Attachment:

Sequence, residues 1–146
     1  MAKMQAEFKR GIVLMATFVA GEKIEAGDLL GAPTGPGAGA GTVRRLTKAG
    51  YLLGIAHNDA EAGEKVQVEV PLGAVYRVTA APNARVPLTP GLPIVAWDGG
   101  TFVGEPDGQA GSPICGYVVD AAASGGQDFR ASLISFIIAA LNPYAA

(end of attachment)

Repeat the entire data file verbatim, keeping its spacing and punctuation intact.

Sequence, residues 1–146
     1  MAKMQAEFKR GIVLMATFVA GEKIEAGDLL GAPTGPGAGA GTVRRLTKAG
    51  YLLGIAHNDA EAGEKVQVEV PLGAVYRVTA APNARVPLTP GLPIVAWDGG
   101  TFVGEPDGQA GSPICGYVVD AAASGGQDFR ASLISFIIAA LNPYAA